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I suppose that I could probably summarize that to "Is foodstuff a mass or count noun?" but I wasn't entirely certain if that would get me the wrong answer. I've always used "foodstuffs" when referring to actual components for recipes, but I could see an argument only using the singular since, after all, it's a noun which covers all of the components at once. I thought of submitting it to "The Word Detective" but it seems like more of a case of usage.

Dictionaries seem to indicate it in the singular without noting pluralization, but there are also many example sentences which use "foodstuffs" such as the Tarzan quotes I found here: "The she was for Tarzan--all that he desired was to bury his snout in the foodstuffs of the Tarmangani." and "They appeared to be raiding parties, for they drove goats and cows along with them and there were native porters laden with grain and other foodstuffs."

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Foodstuff is not a mass noun, and OP's concept of the plural referring to the ingedients for a recipe is idiosyncratic, to say the least. You could reasonably say "Pitta bread is a common foodstuff in the the Middle East", but usually it's applied to more "basic" animal/plant raw materials that provide nutrition (grain, beans, dried fish, whatever). –  FumbleFingers Jan 5 '12 at 22:36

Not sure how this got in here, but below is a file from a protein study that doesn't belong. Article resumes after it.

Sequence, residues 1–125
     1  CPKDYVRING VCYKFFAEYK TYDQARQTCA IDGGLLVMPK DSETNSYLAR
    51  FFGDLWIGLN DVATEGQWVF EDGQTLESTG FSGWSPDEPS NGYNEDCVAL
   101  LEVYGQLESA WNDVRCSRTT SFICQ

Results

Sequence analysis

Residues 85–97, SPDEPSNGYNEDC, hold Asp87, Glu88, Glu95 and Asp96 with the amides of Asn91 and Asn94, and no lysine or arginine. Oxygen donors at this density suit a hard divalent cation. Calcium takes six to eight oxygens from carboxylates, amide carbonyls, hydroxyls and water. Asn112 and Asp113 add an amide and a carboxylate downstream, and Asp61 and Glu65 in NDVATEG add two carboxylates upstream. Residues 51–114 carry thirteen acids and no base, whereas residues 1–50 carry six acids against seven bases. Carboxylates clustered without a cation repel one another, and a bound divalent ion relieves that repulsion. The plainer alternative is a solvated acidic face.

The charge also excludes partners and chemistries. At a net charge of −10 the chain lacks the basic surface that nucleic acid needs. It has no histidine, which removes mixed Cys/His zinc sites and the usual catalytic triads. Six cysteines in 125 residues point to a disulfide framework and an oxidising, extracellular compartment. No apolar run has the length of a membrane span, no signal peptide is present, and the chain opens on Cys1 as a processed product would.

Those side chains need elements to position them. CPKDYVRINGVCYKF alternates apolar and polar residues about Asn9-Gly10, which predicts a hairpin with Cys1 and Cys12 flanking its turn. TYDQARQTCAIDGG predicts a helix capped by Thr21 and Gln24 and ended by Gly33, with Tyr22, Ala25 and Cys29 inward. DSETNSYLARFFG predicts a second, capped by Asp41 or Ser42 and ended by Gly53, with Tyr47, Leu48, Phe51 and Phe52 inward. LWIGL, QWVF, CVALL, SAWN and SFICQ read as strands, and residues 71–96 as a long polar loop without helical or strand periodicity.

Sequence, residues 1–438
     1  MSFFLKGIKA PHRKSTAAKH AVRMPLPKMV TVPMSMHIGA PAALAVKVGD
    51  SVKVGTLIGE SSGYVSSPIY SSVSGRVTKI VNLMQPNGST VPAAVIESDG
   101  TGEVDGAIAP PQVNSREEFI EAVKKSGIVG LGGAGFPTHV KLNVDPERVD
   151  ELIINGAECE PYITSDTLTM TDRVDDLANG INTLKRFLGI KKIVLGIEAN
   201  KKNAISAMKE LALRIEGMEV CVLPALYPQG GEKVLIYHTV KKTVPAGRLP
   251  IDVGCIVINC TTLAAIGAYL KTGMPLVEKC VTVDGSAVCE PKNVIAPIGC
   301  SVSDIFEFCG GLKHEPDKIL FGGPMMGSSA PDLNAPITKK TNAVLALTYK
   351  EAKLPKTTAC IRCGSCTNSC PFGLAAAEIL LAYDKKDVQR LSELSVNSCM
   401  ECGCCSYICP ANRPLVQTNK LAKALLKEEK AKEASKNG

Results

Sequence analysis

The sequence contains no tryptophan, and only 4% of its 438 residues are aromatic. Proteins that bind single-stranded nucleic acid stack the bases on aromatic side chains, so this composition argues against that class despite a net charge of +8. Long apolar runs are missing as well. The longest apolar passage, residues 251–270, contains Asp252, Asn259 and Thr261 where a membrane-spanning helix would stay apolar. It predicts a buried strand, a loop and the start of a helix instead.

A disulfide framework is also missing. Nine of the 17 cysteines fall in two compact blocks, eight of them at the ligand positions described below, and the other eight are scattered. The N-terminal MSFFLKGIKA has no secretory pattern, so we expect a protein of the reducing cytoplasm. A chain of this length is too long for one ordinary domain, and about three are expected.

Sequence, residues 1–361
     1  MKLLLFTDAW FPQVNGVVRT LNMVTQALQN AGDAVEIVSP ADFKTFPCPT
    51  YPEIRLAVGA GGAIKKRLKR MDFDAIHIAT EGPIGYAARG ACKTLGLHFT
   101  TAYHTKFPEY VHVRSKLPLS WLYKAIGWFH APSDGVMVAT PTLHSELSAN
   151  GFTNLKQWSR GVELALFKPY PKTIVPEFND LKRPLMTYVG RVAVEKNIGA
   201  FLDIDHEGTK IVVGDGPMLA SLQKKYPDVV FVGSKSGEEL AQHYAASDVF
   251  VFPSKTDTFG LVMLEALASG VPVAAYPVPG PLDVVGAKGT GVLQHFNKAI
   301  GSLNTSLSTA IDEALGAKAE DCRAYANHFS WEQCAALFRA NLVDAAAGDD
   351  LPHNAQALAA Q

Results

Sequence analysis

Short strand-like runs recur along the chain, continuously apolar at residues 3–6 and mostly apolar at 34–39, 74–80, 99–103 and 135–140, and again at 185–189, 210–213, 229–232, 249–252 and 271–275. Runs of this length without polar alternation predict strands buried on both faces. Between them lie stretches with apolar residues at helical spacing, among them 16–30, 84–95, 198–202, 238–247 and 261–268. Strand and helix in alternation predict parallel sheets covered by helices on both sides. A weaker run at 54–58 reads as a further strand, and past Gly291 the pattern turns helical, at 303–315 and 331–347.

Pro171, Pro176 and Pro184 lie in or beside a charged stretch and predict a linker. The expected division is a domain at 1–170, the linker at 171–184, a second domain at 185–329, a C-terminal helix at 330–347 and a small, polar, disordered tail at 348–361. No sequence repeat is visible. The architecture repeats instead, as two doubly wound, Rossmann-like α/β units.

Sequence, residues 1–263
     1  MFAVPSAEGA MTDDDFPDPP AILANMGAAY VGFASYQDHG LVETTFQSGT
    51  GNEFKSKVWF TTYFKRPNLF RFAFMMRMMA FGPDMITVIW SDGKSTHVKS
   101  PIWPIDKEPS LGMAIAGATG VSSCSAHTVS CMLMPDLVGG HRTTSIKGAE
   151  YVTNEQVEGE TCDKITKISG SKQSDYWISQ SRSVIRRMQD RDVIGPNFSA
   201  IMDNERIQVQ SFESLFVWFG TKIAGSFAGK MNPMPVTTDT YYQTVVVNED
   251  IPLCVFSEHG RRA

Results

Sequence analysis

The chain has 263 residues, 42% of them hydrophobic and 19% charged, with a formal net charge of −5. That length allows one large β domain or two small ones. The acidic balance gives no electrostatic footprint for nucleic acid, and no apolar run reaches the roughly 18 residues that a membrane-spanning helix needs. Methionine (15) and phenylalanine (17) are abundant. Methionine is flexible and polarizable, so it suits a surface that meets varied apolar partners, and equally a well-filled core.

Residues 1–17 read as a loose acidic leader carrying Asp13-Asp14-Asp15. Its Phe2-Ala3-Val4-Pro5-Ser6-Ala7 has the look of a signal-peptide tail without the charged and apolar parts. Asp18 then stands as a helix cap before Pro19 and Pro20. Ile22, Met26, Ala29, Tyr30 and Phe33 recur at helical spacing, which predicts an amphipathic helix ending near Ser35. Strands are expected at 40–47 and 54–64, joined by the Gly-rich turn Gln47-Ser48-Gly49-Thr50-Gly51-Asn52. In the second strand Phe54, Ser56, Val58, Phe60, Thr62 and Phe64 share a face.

"Dictionaries seem to indicate it in the singular without noting pluralization, ..." contra: @Gnawme below. –  Kris Jan 6 '12 at 9:13
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Various dictionaries (OxfordDictionaries, Merriam-Webster) don't specifically list foodstuffs as the plural of foodstuff, but then proceed to give examples using foodstuffs!

Take this entry from M-W Unabridged:

foodstuff, noun : a substance with food value: as a : the raw material of food before or after processing {a bountiful crop of cereal foodstuffs} b : an element of nutrition (as protein, carbohydrate, vitamin) {the sponge obtains its necessary foodstuffs from the plankton}

They're both valid -- foodstuff in the singular, foodstuffs in the plural.

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"Various dictionaries ... don't specifically list ..." implies some of them do? –  Kris Jan 6 '12 at 9:11
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@Kris Of the online dictionaries to which I have access, Wiktionary does, but I'm not sure I consider it authoritative. –  Gnawme Jan 6 '12 at 17:54
    
Thank you, Gnawme. That was very helpful. I suspected something like that might be the case, but I'm also well aware that I have certain idiosyncrasies when it comes to pluralizing words. For example, a tendency towards adding an 's' to "toward". –  Sean Duggan Jan 6 '12 at 18:00
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